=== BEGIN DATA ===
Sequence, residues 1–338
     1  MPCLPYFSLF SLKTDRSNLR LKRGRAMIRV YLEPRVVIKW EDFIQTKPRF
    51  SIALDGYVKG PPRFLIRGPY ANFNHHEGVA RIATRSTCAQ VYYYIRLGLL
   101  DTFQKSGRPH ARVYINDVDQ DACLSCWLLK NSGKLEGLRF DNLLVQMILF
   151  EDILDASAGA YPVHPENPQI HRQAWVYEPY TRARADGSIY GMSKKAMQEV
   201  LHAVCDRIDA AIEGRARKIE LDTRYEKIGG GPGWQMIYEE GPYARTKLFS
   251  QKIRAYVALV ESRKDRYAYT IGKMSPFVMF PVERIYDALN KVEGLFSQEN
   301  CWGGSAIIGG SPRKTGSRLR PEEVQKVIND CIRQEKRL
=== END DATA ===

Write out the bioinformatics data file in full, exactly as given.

Sequence, residues 1–338
     1  MPCLPYFSLF SLKTDRSNLR LKRGRAMIRV YLEPRVVIKW EDFIQTKPRF
    51  SIALDGYVKG PPRFLIRGPY ANFNHHEGVA RIATRSTCAQ VYYYIRLGLL
   101  DTFQKSGRPH ARVYINDVDQ DACLSCWLLK NSGKLEGLRF DNLLVQMILF
   151  EDILDASAGA YPVHPENPQI HRQAWVYEPY TRARADGSIY GMSKKAMQEV
   201  LHAVCDRIDA AIEGRARKIE LDTRYEKIGG GPGWQMIYEE GPYARTKLFS
   251  QKIRAYVALV ESRKDRYAYT IGKMSPFVMF PVERIYDALN KVEGLFSQEN
   301  CWGGSAIIGG SPRKTGSRLR PEEVQKVIND CIRQEKRL